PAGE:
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ntl talks a bit more on the caps for 2005
Saturday 11 December 2004 10:22:00 by Andrew Ferguson

We mentioned sometime ago that ntl was looking at introducing capping on its products during 2005. Some more confirmation that this is likely to happen has appeared over on

“The usage caps will be as you mention – they are much more generous than Wanadoo’s. I think the market needs to accept that the days of unlimited usage for all are over. The vast majority of users will not be impacted by the limits, but the small number who regularly use GB by the ton drive our costs up significantly and, since we are not a charity, we need to recover them somehow. It doesn’t seem fair to ask the majority of moderate users to subsidise the small number of heavy users and usage caps are the best way to ensure fair treatment for all.”

Simon Duff, ntl Chief Executive speaking to CableForum

Telewest is currently racing ahead with its upgrades to 4Mbps for customers on its cable broadband service, while still maintaining a cap free system. The introduction of capping by ntl, would appear to be a way of ensuring their own network does not fall apart under excessive strain, rather than the pure costs per GB. ADSL is seeing a mixed approach to capping. LLU players like UK Online now have a 500GB per month cap, which is massive compared to many caps. AOL is continuing its uncapped approach, and signs are that in late 2005 they will join the LLU crowd also. At present there are products capped or uncapped to suit everyones needs, the question that everyone is trying to predict the answer to is whether capped products will totally replace the unmetered ones. To a large extent the regulator Ofcom and BT Wholesale hold the key to this in the UK. If BT IPStream product pricing is forced to remain high cost per GigaByte to allow LLU and Datastream competitors to make a profit then we will see capping remain, or as in some other countries rises in prices for unmetered products.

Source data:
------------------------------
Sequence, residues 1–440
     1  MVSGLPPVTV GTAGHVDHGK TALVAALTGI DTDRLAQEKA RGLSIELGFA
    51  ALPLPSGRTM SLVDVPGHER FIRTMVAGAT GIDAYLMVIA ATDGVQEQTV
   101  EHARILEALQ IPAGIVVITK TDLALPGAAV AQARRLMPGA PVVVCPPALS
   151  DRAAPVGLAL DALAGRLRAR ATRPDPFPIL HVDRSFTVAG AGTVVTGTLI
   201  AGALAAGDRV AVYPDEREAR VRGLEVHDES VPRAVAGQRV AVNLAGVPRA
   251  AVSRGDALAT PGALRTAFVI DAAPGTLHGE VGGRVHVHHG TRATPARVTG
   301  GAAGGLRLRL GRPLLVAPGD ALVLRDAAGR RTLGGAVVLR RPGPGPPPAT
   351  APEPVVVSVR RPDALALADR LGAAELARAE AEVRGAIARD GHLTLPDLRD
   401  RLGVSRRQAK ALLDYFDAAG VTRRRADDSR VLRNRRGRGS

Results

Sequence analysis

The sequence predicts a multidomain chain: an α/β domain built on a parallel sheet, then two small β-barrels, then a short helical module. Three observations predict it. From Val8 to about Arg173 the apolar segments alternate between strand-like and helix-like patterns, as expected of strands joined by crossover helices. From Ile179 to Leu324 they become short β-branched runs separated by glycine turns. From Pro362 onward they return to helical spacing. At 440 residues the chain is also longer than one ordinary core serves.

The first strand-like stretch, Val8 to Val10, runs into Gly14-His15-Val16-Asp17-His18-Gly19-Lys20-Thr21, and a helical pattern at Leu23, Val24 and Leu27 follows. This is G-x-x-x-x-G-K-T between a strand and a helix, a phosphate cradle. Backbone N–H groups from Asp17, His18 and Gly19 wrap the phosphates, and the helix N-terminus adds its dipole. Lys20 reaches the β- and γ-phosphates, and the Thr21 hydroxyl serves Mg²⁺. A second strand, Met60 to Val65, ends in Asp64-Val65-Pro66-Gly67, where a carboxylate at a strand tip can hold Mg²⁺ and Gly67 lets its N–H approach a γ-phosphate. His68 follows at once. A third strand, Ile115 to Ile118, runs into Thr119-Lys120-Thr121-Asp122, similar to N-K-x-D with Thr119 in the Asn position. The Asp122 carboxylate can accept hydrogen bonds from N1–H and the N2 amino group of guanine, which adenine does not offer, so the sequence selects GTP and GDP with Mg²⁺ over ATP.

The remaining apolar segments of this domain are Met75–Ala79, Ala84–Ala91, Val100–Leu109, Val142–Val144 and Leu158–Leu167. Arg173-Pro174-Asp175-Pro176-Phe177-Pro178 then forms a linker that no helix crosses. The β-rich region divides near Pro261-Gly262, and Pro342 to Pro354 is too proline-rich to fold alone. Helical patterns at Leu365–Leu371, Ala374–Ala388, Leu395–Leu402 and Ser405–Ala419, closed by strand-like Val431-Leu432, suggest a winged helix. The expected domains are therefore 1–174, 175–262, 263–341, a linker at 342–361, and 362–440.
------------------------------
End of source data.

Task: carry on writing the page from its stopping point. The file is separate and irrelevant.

2005 also offers to be a year, when video content becomes more common. For example, Multicast video from the BBC. If the VoIP and Video markets are to blossom in the UK, then Ofcom needs to ensure that the pricing for broadband connections is low enough to ensure rapid take-up. It is all very well forcing competition into perhaps 20-40% of UK households via LLU, but for many people for some years to come the BT Group represents the only broadband access they will have.


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